May 30, 2024

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You read about it in Dear Diary, It’s Me, Jessica: Part 9.  Here at the OP, we don’t just talk the talk, we walk the walk!  Let me show you how you too can make your own lunch meat at home!  

As we all know, inflation is hitting everyone in their pocketbooks.  A few years ago, a pound of deli roast beef was going for $6.99 for the store brand and the top shelf brand was going for $9.99 a pound.  Now, the store brand is going for $14.99 a pound!  I don’t even want to think about what the top shelf stuff is going for.  Another thing I noticed was in the pre-sliced grab-n-go case, the deli meats and cheeses are being sold in half pound portions rather then the pound they were previously.  I have even read news reports some people on the lower end of the socio-economic scale were skipping meals just to make ends meet.

Meat Selection and the Power of Salt

I checked the meat case for a cheap cut of meat.  Surprisingly, I found a chuck roast for $4.99 a pound.  In the past, eye of round has been at or about that price, but this week, eye of round was going for $6.99 a pound.  I selected a 2.59 pound chuck roast with a fat cap on one side.  

Using the book Charcuterie, The Craft of Salting, Smoking and Curing by Michael Ruhlman and Brian Polcyn, (I highly recommend this book!) I made a basic brine.   Brining meat does three things:

1) It changes the meat cells at the molecular level, allowing the cells to plump with water, thereby making the meat moist.  You can do the same thing with turkey to prevent it from drying at Thanksgiving dinner.  I have done that in the past.  

2) It infuses whatever seasoning or flavors you want to add. I made the above-mentioned Thanksgiving turkey with an Earl Grey tea infusion. It turned out great!

3)  The salt acts as a preservative, preventing bacteria from forming in the short term, more so than unbrined meat.

The basic brine is:

  • 1 gallon/4 liters of water
  • ¾ cup/200 grams of kosher salt
  • ½ cup/125 grams of sugar

I took half a gallon of water, put it in a bowl, and put it in the freezer to chill while I made the brine.  

The other half a gallon of water, I put into a large saucepan, mixed in the salt and sugar, and brought it to a boil, occasionally stirring until all the salt and sugar dissolved.  While the brine was coming up to a boil, I took a whole head of garlic cloves, peeled and smashed with the flat of a chef’s knife, and a whole onion sliced thinly.  I turned off the brine after it came to a boil, added the garlic and onion, covered it, and let it sit for an hour.  

I then put the meat in a 2.5-gallon plastic zip-lock bag and add the chilled water, then the garlic and onion-infused brine.  Secure the bag and place it into the fridge for five days.  I used the Charcuterie book’s guideline for corned beef as a reference for how long it takes to brine.  On day five, I drained and discarded the brine, rinsed the meat, then put it into a bowl and covered it in the fridge to let the brine-infused meat rest and allow the salt to distribute into the meat.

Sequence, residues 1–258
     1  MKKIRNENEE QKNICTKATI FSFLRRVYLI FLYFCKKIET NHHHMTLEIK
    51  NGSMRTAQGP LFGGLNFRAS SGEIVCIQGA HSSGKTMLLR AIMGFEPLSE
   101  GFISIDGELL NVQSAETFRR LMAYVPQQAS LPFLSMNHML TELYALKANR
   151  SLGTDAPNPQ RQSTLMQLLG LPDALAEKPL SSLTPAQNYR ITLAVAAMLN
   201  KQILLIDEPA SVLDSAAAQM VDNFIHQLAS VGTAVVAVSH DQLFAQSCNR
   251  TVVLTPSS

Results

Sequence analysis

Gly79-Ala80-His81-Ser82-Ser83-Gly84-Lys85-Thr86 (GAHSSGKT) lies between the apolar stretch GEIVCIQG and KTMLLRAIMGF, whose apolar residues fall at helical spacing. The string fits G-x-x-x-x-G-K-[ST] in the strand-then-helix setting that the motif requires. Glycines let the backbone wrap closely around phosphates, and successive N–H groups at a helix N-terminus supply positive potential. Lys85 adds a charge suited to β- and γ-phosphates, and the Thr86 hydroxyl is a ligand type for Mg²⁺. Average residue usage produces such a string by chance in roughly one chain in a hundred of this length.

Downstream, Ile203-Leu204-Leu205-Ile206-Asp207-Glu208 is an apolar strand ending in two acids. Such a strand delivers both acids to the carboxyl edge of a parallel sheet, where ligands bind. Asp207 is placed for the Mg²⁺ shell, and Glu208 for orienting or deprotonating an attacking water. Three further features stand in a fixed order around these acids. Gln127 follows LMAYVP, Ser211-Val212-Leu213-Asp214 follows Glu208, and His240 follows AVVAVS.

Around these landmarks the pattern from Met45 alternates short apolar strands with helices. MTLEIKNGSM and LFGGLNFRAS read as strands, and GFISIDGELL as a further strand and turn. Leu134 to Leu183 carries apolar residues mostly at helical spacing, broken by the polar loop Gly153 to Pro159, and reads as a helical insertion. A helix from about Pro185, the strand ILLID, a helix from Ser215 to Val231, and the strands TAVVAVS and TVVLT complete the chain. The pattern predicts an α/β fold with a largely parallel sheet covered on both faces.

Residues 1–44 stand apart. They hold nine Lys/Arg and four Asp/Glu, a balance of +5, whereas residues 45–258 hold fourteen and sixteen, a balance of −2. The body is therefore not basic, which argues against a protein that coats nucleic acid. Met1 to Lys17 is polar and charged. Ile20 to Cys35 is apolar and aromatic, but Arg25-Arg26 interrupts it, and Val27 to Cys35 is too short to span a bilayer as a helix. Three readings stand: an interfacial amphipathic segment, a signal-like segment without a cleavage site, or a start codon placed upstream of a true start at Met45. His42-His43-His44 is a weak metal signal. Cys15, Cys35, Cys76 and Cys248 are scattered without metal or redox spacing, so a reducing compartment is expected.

The next day, I pulled the meat out for at least an hour prior to cooking to come to room temperature.  

I used about half a head of garlic cloves, peeling and smashing them with a knife. I put them into a glass ramekin and added just enough olive oil to cover the cloves. Cover the ramekin with tin foil and bake at 400 degrees for thirty minutes. Let cool. Once cool, in a mixing bowl, add the garlic-infused oil, two table spoons of dried basil, oregano, thyme, and black pepper to taste, and mix well.  

Pre-heat the oven to 300 degrees.

Heat a cast iron pan over high heat. When the pan begins to smoke, add a high smoke point oil like safflower oil, grape seed oil, or another neutral-tasting high smoke point oil. Once the oil is shimmering, add the meat and sear until a well-formed crust forms, rotating each side. Use a splatter screen—you will need it! Once seared, pull aside and allow to cool to handle with your hands.  

Then, smear the garlic and oil herb mix all over the meat.  Place the meat into the cast iron pan and roast in the oven for two hours for rare, two and a half hours for medium rare.

How Did It Come Out?

In a word, awesome!  

On the front end, slap upside the head with the garlic, onion, and herb mix. On the back end, just a hint of salt.  

I cut the roast up into three portions, freezing two and keeping the third in the fridge for sandwiches.

Next up, cajun roasted turkey breast.  Might wrap and roast it in bacon just for fun!

Have you ever made your own lunch meat? What process did you use? Is this something you’d consider doing to save money?

Let’s discuss it in the comments section.

About 1stMarineJarHead

1stMarineJarHead is not only a former Marine, but also a former EMT-B, Wilderness EMT (courtesy of NOLS), and volunteer firefighter.

He currently resides in the great white (i.e. snowy) Northeast with his wife and dogs. He raises chickens, rabbits, goats, occasionally hogs, cows and sometimes ducks. He grows various veggies and has a weird fondness for rutabagas. He enjoys reading, writing, cooking from scratch, making charcuterie, target shooting, and is currently expanding his woodworking skills.